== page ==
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March 2014 ISM

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The markets always eagerly await turn-of-the month data in hopes of fresh insight into the pace and nuances of the economy. That eagerness is likely even greater (if that’s possible) this month as much of the 2014 economic data has been distorted by an exceptionally cold and snowy winter across much of the country.

March and April data are expected to be less weather impacted and provide better insight into the economy’s progress. In this regard, today’s Institute of Supply Management’s PMI (Purchasing Managers’ Index), is somewhat helpful for fewer respondents cited bad weather as an issue.

March’s PMI suggests the economic expansion remains on solid footing with the all-important new orders sub-index suggesting demand for the next several months remains solid and shows no signs of the type of serious inventory gluts that typically precede economic trouble. (See table and ISM comments below).

The doom and gloom crowd will still find things to worry about for the brunt of the Fed’s QE wind down is still ahead. Those that fear the economy has been on a Fed induced sugar high will not be satisfied until later this year (if ever!) when the economy either proves their thesis or it melts like our rapidly disappearing snow. We expect the economy will once again demonstrate its resilience to the change in Fed policy, just as it has to all the other “scary” threats to growth that have been thrown at it since the Financial Panic of 2008-09. We also think the Fed’s extraordinary actions—while essential as the “lender of last resort” back in the Panic—may have reinforced general economic angst ever since. How? By creating both uncertainty about their ability to unwind things without triggering hyper-inflation and a fear that maybe the Fed knows something (bad) about the economic backdrop that market participants are not (yet) privy too.

As will be detailed in the upcoming Perspective, Divergent, (to be sent out in the days ahead), the economic expansion likely still has a number of years to run before the combination of accumulated excesses and (eventually) tight Fed policy trigger the next recession. Until then, mini-panics related to macro-economic jitters will occur along the way. But, until the expansion is seriously vulnerable, it will be micro-economics (which companies can grow at a superior pace? And, how are their stocks valued by the market?) that matter the most to investors.

Finally, in response to a question on why we typically do a monthly summary of the PMI report and no other data releases:

From our perspective, the ISM is one of the more helpful general data series for it is less subject to the wild revisions experienced in most monthly economic data provided by the government. As a result, it probably provides better “signals” and less “noise” about the economy. Though manufacturing new orders are viewed as a relatively small part of the overall economy as computed in GDP, the PMI and new orders sub-index are highly correlated to the general economy. In addition, one of the “excesses” that almost always is a precondition for a downturn, relates to inventory levels. The PMI provides timely insight into inventory levels; currently they are viewed as “adequate” to “too low”. They are hardly the types of readings that suggest a worrisome inventory glut. Finally, our manufacturing renaissance thesis expects the manufacturing segment of the economy to grow faster and provide investment opportunity relative to the economy at large. The monthly data helps provide a check-up of sorts on this thesis.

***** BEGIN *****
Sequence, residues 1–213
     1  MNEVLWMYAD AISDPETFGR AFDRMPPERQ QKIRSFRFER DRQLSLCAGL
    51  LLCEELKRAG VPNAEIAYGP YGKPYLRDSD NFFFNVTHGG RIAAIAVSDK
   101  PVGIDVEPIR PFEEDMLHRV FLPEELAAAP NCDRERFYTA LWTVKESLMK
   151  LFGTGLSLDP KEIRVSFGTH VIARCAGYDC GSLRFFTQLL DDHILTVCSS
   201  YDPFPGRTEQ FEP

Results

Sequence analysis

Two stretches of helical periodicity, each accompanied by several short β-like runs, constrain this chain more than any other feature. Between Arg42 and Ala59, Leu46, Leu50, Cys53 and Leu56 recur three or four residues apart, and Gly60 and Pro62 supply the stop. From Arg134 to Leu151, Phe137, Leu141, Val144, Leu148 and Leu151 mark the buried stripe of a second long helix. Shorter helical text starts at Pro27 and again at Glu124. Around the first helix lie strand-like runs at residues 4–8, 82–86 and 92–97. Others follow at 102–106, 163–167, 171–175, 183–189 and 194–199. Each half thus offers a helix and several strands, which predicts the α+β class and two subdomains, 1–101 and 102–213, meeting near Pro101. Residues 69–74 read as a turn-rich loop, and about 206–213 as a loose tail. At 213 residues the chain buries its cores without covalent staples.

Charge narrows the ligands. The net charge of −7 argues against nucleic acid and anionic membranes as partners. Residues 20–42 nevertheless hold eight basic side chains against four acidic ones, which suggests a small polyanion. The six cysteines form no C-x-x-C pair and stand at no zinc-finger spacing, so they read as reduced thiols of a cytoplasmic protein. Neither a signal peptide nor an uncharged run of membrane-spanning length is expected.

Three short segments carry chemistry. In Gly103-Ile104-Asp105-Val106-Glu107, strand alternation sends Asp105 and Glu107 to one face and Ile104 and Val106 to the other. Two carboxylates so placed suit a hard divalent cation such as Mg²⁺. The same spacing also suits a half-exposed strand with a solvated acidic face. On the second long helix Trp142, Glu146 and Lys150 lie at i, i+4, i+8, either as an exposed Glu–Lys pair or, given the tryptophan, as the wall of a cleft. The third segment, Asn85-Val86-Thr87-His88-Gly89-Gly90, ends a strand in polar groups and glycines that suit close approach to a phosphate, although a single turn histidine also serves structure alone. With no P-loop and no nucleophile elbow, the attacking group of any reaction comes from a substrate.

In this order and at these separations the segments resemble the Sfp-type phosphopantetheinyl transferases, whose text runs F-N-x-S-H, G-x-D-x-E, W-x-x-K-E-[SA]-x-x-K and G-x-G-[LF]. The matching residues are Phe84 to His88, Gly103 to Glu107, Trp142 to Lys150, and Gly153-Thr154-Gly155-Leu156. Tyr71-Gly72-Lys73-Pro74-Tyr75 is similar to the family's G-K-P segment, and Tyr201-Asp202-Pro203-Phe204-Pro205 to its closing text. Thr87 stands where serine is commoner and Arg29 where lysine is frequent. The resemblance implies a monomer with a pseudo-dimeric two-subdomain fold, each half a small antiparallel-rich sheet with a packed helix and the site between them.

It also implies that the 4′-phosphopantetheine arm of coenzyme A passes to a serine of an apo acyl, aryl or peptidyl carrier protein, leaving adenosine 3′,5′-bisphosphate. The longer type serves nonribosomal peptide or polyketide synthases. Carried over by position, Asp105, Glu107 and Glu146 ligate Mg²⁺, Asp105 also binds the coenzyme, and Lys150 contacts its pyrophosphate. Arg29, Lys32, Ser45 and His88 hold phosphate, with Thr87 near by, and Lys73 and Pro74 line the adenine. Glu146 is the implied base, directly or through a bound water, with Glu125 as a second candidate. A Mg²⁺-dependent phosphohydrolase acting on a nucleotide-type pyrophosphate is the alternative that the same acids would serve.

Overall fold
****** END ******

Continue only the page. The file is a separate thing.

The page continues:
Excerpt From the ISM:

Manufacturing expanded in March as the PMI® registered 53.7 percent, an increase of 0.5 percentage points when compared to February’s reading of 53.2 percent. A reading above 50 percent indicates that the manufacturing economy is generally expanding; below 50 percent indicates that it is generally contracting.

A PMI® in excess of 43.2 percent, over a period of time, generally indicates an expansion of the overall economy. Therefore, the March PMI® indicates growth for the 58th consecutive month in the overall economy, and indicates expansion in the manufacturing sector for the 10th consecutive month. [Bradley] Holcomb stated, “The past relationship between the PMI® and the overall economy indicates that the average PMI® for January through March (52.7 percent) corresponds to a 3.1 percent increase in real gross domestic product (GDP) on an annualized basis. In addition, if the PMI® for March (53.7 percent) is annualized, it corresponds to a 3.5 percent increase in real GDP annually.”

March 1 (FactSet) — Following is a summary of U.S. manufacturing conditions from the Institute for Supply Management (ISM).

NOTE: All figures except backlog of orders, customer inventories, imports, exports, inventories & prices paid are seasonally adjusted. The diffusion index is calculated by adding the percent of positive responses plus one half of those responding the same.

* A PMI™ reading above 50 percent indicates that the manufacturing economy is generally expanding; below 50 percent indicates that it is generally declining. A PMI™ in excess of 42.2 percent, over a period of time, indicates that the overall economy, or gross domestic product (GDP), is generally expanding; below 42.2 percent, it is generally declining.